How to grow a Cobra Lily (Darlingtonia Californica)

cobra-lilyDarlingtonia are carnivorous plants native to Northern California and Southern Oregon and are mainly mountain plants, although they do grow down to sea level near the coast. They are usually found growing along mountain streams in serpentine gravel, in forests under dappled shade near the coast and also in water meadows in the mountains.  The common factor in all these locations is constant slow moving cool water, indeed Cobras usually grow near natural springs.

The Cobra Lily has a reputation for being difficult to grow.  This article will show you how to grow your Darlingtonia Californica plant successfully.

The Trapping Method

The leaves on a Cobra Lily bear a strong resemblance to a Cobra rearing up ready to strike with its forked tongue flicking out, hence its common name!  The leaves are tubular rising up to a puffed hood full of transparent windows, with a circular opening beneath. From this opening the nectar baited tongue appears. It is this tongue that most often lures flying insects, once there they follow the nectar trail towards the inside the trap where the bright light shining through its transparent windows offers a means of escape. Once inside the trap it is almost impossible for the insect to escape due to the curled edge of the trap entrance, similar to a lobster pot.  Whilst trying to exit through the translucent windows the insect falls down the tube of the trap, where sharp downward pointing hairs make it a one way trip.



It is best to grow Cobras in quite large pots as they send out runners (stolons) from the roots that form new plantlets at the end once they reach the surface of the soil.  Glazed drained ceramic pots work well. Light coloured plastic pots can be used, preferably white if available but never black as it would tend to heat up too much in the sun, Darlingtonia likes its roots kept cool.  Always use drained containers.  Cobras only need re-potting every two or three years for maximum growth.

Soil Mix

Many growers insist that you must grow your plant in pure live Sphagnum Moss for success with Darlingtonia.  In my experience this is not the case, I find that a mix of 50:50 peat/perlite or 50:50 supersphag/perlite works well. The important thing is to keep the soil mix airy to help cool the roots.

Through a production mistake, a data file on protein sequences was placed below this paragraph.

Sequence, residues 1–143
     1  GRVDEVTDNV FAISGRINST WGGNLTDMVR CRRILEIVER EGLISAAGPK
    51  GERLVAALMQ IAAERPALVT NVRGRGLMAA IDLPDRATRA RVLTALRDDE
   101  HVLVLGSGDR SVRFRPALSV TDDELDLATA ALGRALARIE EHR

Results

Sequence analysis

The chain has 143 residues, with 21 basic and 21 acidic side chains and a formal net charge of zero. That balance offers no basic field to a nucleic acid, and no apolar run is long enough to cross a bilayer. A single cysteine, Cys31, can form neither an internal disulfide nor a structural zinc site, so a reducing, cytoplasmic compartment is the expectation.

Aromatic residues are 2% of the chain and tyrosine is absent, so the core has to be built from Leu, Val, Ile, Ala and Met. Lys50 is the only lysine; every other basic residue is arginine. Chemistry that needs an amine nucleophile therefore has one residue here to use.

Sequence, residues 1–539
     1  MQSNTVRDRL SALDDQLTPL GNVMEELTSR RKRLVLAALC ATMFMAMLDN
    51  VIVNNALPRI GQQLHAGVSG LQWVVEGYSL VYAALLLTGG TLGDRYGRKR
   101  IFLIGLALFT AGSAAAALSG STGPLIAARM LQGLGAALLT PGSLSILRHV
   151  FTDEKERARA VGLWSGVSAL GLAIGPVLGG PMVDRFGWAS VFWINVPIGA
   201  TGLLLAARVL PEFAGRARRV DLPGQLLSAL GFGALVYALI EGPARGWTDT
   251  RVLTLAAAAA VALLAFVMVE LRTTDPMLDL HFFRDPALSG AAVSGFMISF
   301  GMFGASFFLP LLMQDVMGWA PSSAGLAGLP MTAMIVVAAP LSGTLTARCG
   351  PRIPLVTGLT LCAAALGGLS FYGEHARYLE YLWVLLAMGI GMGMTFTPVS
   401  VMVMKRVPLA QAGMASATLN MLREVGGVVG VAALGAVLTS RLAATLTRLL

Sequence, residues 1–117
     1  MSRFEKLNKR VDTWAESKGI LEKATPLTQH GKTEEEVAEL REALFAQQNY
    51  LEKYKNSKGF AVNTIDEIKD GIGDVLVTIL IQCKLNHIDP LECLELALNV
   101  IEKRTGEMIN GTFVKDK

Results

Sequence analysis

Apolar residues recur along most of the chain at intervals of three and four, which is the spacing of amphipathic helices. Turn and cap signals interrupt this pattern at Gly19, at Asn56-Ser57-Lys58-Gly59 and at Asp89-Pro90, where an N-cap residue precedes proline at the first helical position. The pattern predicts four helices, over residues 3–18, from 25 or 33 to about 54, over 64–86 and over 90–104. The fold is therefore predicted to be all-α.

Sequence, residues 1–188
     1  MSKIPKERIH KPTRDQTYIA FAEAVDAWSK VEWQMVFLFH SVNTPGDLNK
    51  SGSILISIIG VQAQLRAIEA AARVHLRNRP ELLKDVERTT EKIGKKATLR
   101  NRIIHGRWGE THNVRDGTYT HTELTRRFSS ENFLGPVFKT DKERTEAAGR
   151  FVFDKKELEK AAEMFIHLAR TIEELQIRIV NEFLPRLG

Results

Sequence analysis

Stand pots in a deep tray containing 2-3” of rain or distilled water.  It is important to water from above with cool water to keep water flowing through the roots and help simulate the plants natural environment and keep the soil temperature down. This should be done at least once a week, daily in hot weather.


Grow your Cobra lily outside in a sheltered partly shaded position. In temperate climates like the UK  your plant can be grown outside all year round as they are extremely hardy and frost resistant once established.  Can also be grown in a greenhouse near a vent or door to help it keep cool.  Growers who live in hotter climates tend to struggle with cobras,  but if steps are taken to keep the plants roots cool and not cooking in hot sun it should grow just fine.  Some suggest placing ice cubes made from distilled water on the soil surface in hot conditions.


If  grown outside your Cobra will catch all it needs, usually copious amounts of large flies and wasps.  If grown on a windowsill or in a greenhouse you might want to try feeding your plants dried insects. You can also use fertilizer intended for orchids used as a foliar feed.


The easiest and fastest method to propagate Darlingtonia is from the stolons (runners) they send out. This is best done in early spring before growth resumes.  Remove a stolon from the plant once a baby plant has appeared at the end and cut it into sections about an inch long. Ensure each section has a few small roots.  Place the sections in a shallow tray of wet live sphagnum moss and partly cover the sections with moss. Cover the tray to ensure high humidity and then place in a bright area out of direct sun. New pitchers will grow from the sections sometimes yielding several plants per section. Don’t separate into individual plants until they each have a good root system.  Whilst you can propagate cobras from seed it is VERY slow taking about four years to grow four inches!

Root segments in tray of moss:

Cobra Root Cutting

Same Cuttings After two Months:

Cobra Lily cuttings

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